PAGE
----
Eyes Above The Waves

Robert O'Callahan. Christian. Repatriate Kiwi. Hacker.

Saturday 2 April 2016

GNOME High-DPI Issues

Most sources advise using gnome-tweak-tool to set "Window Scaling" to 2 (or whatever). This alone doesn't work adequately for me; when I make my external 4K monitor primary, gnome-settings-daemon decides to set Xft.dpi to 96 because it thinks my monitor DPI is too low for scaling, even though I have set window scaling to 2. Arguably this is a gnome-settings-daemon bug. The result is that most apps look fine but some, including gnome-shell, care about Xft.dpi and don't scale. I fixed the problem by manually setting

gsettings set org.gnome.desktop.interface scaling-factor 2
and now everything's working reasonably well. Some apps still don't support proper scaling (e.g. Eclipse) but at least they're usable when they weren't before. Still, on the Web we really did this right: make all apps work at high-DPI out of the box, scaling up individual bitmaps when necessary and rendering at high resolution automatically when we can (e.g. text), and letting DPI-aware apps opt into higher-resolution bitmaps.

My Dell XPS15 with 4K screen, and an external Dell 4K monitor, look sweet. The main problem remaining is that you can't drive a 4K monitor at 60Hz over HDMI, and this laptop doesn't have DisplayPort built in; I need a Thunderbolt3-to-DisplayPort connector which is supposed to exist but you can hardly find anywhere yet. Downside of bleeding edge tech.

Google Photos does the Right Thing by scaling images on the server to the specific window size. So you can upload original-size photos and it'll automatically pull down a massive image when you're viewing fullscreen on a 4K monitor. Now I can really tell the difference between my camera and a good camera.

Enabling touch events in Firefox and launching with MOZ_USE_XINPUT2=1 gives me touch event support in my laptop (both for Web apps and async scrolling); nice.

Forcing UI scale factors to be an integer is a mistake. In Gecko we can scale Web content by non-integer amounts and it almost never fails (or at least the same failure would have occurred with an integer scale), so I'm pretty sure there's no reason regular desktop toolkits can't do the same.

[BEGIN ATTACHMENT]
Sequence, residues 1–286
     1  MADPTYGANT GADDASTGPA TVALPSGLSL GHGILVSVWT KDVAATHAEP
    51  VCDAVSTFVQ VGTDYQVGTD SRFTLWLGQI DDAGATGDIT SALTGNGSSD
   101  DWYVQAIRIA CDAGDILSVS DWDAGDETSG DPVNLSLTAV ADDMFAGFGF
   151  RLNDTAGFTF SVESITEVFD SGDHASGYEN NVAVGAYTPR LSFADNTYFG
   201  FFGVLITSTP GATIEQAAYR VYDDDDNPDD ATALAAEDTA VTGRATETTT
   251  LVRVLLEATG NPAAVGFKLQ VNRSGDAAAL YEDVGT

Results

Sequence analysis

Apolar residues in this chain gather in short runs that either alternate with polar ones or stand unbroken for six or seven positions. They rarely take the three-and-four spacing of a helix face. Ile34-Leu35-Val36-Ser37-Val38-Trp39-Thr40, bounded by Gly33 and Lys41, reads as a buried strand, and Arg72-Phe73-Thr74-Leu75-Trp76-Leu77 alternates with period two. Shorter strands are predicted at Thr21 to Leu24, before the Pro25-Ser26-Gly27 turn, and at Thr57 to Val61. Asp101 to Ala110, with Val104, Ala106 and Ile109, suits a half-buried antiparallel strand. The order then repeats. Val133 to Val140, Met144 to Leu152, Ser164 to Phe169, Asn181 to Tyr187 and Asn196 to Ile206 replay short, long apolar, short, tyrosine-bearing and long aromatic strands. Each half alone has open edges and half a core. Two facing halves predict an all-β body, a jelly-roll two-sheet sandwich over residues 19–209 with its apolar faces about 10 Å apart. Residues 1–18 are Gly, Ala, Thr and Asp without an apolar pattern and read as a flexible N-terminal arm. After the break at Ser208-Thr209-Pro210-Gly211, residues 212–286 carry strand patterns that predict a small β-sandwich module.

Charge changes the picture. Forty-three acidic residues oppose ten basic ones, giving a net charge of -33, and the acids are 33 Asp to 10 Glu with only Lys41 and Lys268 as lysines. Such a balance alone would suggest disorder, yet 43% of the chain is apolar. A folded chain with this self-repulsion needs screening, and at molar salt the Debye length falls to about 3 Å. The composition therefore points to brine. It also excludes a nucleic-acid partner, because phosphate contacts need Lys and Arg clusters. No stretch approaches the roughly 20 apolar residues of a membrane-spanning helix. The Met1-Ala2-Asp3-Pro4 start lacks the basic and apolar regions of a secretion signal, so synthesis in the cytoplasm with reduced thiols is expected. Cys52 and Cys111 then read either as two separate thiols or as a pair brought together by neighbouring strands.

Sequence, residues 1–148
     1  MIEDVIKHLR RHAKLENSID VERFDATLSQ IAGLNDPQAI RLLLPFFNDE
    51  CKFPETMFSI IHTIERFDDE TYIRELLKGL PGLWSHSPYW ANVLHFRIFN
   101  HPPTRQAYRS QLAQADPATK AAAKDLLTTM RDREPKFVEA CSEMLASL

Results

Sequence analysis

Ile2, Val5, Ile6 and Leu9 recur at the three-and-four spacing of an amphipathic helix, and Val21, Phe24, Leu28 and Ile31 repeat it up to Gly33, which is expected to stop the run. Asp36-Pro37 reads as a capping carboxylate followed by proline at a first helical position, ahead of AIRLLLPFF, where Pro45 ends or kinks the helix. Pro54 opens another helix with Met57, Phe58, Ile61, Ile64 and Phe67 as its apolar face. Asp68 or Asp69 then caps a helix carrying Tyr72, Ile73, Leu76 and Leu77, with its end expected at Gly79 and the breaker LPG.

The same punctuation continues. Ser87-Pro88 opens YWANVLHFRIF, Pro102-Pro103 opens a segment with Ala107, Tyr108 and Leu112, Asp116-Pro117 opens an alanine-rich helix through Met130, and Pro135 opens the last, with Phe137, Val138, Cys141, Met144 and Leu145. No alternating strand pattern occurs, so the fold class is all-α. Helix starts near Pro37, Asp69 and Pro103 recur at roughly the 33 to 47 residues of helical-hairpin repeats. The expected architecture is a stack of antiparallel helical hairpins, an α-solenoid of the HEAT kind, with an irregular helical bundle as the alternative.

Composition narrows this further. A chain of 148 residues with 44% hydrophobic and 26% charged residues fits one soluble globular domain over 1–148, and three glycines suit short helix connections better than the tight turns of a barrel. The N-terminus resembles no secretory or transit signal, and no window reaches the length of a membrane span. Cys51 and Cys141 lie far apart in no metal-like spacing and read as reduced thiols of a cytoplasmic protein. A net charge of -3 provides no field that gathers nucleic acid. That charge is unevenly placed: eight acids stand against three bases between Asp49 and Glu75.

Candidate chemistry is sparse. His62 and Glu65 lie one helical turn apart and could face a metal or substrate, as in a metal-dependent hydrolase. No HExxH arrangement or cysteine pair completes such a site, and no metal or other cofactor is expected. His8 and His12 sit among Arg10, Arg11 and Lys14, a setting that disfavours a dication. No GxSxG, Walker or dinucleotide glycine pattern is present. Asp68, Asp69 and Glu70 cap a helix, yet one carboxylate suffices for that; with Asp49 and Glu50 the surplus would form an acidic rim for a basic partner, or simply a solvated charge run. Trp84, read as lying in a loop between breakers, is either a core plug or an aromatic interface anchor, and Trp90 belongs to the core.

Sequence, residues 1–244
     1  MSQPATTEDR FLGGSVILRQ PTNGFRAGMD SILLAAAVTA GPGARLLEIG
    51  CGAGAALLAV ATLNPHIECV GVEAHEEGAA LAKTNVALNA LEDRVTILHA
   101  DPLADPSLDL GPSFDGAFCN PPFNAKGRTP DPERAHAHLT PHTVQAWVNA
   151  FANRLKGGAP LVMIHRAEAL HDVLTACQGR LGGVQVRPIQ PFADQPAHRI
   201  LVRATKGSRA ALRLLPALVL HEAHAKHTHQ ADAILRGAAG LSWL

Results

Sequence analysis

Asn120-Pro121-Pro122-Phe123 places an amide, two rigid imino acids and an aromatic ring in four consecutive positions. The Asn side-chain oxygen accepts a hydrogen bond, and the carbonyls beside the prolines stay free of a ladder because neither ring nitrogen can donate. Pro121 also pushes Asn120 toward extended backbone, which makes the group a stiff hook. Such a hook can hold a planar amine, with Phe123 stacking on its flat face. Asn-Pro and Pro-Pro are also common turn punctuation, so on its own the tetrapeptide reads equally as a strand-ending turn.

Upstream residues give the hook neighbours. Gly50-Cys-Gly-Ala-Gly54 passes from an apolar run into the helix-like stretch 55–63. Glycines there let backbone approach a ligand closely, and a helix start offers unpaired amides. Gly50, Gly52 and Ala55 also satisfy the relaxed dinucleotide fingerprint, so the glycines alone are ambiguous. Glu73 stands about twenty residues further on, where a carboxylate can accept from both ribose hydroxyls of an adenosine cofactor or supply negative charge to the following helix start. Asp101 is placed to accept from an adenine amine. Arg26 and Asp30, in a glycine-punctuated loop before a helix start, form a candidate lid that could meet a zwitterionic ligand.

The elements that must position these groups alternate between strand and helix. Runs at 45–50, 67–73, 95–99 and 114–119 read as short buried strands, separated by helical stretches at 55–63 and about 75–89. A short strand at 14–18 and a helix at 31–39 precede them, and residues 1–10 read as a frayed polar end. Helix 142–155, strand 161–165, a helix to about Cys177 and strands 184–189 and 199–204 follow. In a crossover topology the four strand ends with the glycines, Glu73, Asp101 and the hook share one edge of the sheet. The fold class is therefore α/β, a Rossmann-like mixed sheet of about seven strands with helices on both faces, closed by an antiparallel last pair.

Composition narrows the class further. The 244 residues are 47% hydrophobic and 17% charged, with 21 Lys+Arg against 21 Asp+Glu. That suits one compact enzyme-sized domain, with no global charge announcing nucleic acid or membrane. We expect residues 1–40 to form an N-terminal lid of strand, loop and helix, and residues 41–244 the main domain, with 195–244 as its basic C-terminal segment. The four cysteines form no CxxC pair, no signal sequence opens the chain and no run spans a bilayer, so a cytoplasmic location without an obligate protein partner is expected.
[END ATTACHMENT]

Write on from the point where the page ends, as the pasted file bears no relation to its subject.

I assume this means you have the shiny new XPS 15 skylake. How well does the hardware work with Linux? I've heard horror stories about the BIOS and wifi...
Wifi worked out of the box for me with the 4.3 kernel (as shipped with Fedora 23). You have to disable Intel's RAID in the BIOS. Annoying but easy. Fedora's installer didn't set up EFI booting properly so I had to do that manually. It's Optimus so graphics is a bit of a mess. I've tried to simplify things as much as possible by using the integrated GPU only. I've had the occasional system freeze, seemingly graphics-related, but I've only just managed to completely turn off the discrete GPU (nouveau module not loaded), so we'll see how that goes. Other traditionally flaky features --- audio, webcam, hotkeys --- worked out of the box. My main problem now is that the Ctrl key is on the far left. I could probably get used to it except I plan to switch to my Thinkpad frequently. I'm experimenting with remapping CapsLock to Ctrl to see if that works for me.
Oh and I haven't really tried suspend/resume yet.
You could also remap the Fn and Control on your Thinkpad and get used to that — it's what I do (and have done for quite a while). At least on the X230, it's a setting in the BIOS.
GNOME disables scaling factors when external displays mostly because of X11; from the compositor's perspective it's all a big X Screen object, and we can only have one scaling factor setting. Wayland should fix that, because we can have multiple surfaces, one per scanout, with different resolutions and scaling factors. In general, the reason why we don't have non-integral scaling factors for toolkit surface is really a mix of legacy, missing features, and simplicity. While we could conceivably use non-integer factors for some surfaces, we only allow integer ones for windowing system surfaces. A window with fractional pixels is nonsensical — and the underlying windowing system API maps to integers anyway. Graphical assets also work best when we provide them with integer scaling factors, but we could down-scale them with decent results. We should be able to do what OSX does, and provide 1x - 1.5x - 2.x scaling factors once we use Wayland, as the 1.5x scaling factor requires the compositor to do input transformations in between, something that X cannot do. For text, though, you should already be able to set a different, non-integer scaling factor; it's part of the accessibility suite, but you can change it from gnome-tweak-tool.
I don't see code that explicitly disables scaling with external displays. Even if there is such code, it's not appropriate for my case because I want the same scaling factor for both displays.
Vincent Bernat
X11 has the concept of screens and each one can have different properties. It enables stuff like XSETTINGS to serve per-screen values. The unfortunate things is that currently, XRANDR only has one global DPI setting. Nonetheless, toolkits like GDK are able to provide a per-screen scale factor (but in the case of GDK, it's an int).
Owais Lone
Any idea how Unity pulled it off? It has had very granular scaling controls that too per monitor for at least 3 years now.